Squash bugs can devastate garden cucurbits in an amazingly short amount of time. While they typically leave the melons and cucumbers alone (unless they’re really hungry), the pumpkins and squash of all varieties collapse and die as massive amounts of squash bugs suck their juices. As they feed, the bugs also release bacteria that further weaken the plant. Squash bugs may even ruin squash fruits by poking them full of holes with their needle-like mouths.
One female squash bug can lay up to 40 eggs at a time. Multiply that by the number of female squash bugs in your garden—or not. Crushing the squash bug causes it to release a disagreeably pungent odor. Picking one up will stain your hands an orange-ish color.
As if all this wasn’t bad enough, some gardeners report that the squash bugs continue to make themselves a nuisance during the winter months by moving into the house.
Where Did They Come From?
The squash bug’s native range extends from the Atlantic to the Rockies and from Canada to South America. For reasons that remain unclear, squash bugs are becoming increasingly prevalent across the entire United States. They can occur anywhere a garden can be found and are now considered a real threat to squash in most states.
Preventing Squash Bugs
Garden sanitation is an essential line of defense against squash bugs. Any dead or diseased plant matter left lying around the garden will attract them, so prune and compost anything that is not green and healthy. Keep the weeds cleaned up, as well. At the end of the season, destroy the old squash plants and let the chickens pick through the soil.
Row covers will physically block squash bugs from plants. However, they must be secured well to prevent access. They will be ineffective if placed on the plants later in the season, as the chances are pretty good that there will be bugs hiding in the soil or mulch.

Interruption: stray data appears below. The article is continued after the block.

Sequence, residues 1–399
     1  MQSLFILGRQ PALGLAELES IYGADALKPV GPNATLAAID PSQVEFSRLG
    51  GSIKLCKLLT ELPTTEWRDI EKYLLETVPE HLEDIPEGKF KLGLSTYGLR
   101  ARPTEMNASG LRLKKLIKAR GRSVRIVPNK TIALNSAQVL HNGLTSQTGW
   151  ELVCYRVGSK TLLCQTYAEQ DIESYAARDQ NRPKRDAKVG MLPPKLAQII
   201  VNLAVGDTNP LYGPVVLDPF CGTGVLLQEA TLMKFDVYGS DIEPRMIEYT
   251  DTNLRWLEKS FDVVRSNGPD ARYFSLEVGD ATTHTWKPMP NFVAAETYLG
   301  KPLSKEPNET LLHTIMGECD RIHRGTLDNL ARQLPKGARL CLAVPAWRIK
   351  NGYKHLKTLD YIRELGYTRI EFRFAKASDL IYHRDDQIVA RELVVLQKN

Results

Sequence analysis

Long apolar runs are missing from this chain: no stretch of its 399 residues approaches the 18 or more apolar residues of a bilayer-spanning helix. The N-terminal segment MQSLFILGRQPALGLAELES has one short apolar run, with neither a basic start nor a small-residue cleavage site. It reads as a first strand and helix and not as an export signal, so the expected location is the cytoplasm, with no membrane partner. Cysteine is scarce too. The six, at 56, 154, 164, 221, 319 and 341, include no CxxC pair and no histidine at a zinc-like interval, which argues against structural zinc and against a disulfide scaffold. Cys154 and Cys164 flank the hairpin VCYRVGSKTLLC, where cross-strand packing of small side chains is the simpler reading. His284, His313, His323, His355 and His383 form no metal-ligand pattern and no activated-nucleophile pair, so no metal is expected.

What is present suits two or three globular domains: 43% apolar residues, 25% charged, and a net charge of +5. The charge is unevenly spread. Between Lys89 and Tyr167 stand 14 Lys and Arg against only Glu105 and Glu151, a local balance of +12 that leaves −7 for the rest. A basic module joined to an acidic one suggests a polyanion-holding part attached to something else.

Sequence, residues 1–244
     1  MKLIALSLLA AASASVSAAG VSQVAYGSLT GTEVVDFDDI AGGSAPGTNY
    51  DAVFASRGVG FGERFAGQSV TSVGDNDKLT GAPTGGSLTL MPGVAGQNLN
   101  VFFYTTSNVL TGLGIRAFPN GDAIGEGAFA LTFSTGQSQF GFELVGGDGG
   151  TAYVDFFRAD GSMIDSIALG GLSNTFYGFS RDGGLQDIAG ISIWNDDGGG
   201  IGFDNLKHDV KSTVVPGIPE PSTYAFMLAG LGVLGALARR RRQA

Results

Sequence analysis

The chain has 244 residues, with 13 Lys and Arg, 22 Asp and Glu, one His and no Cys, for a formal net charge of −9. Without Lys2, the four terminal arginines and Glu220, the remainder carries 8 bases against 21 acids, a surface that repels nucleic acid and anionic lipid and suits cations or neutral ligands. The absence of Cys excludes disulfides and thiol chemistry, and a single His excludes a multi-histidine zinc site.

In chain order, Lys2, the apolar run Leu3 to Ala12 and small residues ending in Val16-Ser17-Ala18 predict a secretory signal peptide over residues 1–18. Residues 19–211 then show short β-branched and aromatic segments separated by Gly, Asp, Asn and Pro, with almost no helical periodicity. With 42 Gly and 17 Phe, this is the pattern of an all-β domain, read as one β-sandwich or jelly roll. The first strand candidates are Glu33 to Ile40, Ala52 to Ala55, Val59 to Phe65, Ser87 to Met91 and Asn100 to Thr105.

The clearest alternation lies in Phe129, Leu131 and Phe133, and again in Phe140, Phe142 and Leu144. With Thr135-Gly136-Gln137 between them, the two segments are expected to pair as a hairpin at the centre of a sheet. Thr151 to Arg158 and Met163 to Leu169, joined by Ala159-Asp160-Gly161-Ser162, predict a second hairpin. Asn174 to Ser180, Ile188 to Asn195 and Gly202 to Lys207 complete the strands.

Growing your squash vines vertically on a trellis helps to some degree, as it provides fewer hiding places for the squash bugs to lurk.
Controlling Squash Bugs
The most effective method of control on an existing squash bug population is to hand-pick and destroy as many bugs and eggs as possible—every single day. Washing the soil around the plants first will drive the bugs up off the ground into the open where they are more easily discovered.
You can increase your chances of success by combining this technique with the use of diatomaceous earth (DE). A generous coating of DE will kill squash bugs. Sprinkle it liberally on all of the plants and also across the surface of the ground to deter new bugs from moving in. A solution of dishwashing liquid will also work, but has the potential to severely damage the plants if not completely rinsed off the foliage after the bugs have died.
Unfortunately, once an invasion begins, it is very difficult to control, so prevention is the best solution. As long as the cause of the recent national squash bug invasion remains unidentified and unaddressed, however, American gardeners will likely be doing battle every summer.
A useful tool for applying diatomaceous earth in the garden.